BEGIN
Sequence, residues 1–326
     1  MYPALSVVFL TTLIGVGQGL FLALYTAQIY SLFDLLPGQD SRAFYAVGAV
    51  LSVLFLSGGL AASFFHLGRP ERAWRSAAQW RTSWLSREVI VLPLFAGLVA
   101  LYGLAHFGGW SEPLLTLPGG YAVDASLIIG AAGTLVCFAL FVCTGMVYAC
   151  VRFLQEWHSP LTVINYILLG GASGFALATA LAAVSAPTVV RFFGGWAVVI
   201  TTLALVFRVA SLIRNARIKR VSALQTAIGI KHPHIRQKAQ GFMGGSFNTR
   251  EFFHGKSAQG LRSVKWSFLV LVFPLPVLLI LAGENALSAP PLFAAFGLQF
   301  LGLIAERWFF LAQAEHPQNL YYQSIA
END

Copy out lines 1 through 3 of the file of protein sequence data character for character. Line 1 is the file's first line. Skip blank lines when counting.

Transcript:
Sequence, residues 1–326
     1  MYPALSVVFL TTLIGVGQGL FLALYTAQIY SLFDLLPGQD SRAFYAVGAV
    51  LSVLFLSGGL AASFFHLGRP ERAWRSAAQW RTSWLSREVI VLPLFAGLVA